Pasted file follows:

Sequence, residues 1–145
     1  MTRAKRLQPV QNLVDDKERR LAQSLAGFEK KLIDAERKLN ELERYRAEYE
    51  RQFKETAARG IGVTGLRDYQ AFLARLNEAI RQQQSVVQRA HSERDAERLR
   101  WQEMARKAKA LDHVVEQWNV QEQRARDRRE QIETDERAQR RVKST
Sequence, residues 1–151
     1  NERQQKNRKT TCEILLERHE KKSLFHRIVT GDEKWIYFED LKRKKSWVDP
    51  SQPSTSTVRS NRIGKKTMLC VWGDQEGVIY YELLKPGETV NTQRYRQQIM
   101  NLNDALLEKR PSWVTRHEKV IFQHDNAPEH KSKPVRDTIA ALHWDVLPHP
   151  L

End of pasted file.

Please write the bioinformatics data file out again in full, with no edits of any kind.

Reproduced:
Sequence, residues 1–145
     1  MTRAKRLQPV QNLVDDKERR LAQSLAGFEK KLIDAERKLN ELERYRAEYE
    51  RQFKETAARG IGVTGLRDYQ AFLARLNEAI RQQQSVVQRA HSERDAERLR
   101  WQEMARKAKA LDHVVEQWNV QEQRARDRRE QIETDERAQR RVKST
Sequence, residues 1–151
     1  NERQQKNRKT TCEILLERHE KKSLFHRIVT GDEKWIYFED LKRKKSWVDP
    51  SQPSTSTVRS NRIGKKTMLC VWGDQEGVIY YELLKPGETV NTQRYRQQIM
   101  NLNDALLEKR PSWVTRHEKV IFQHDNAPEH KSKPVRDTIA ALHWDVLPHP
   151  L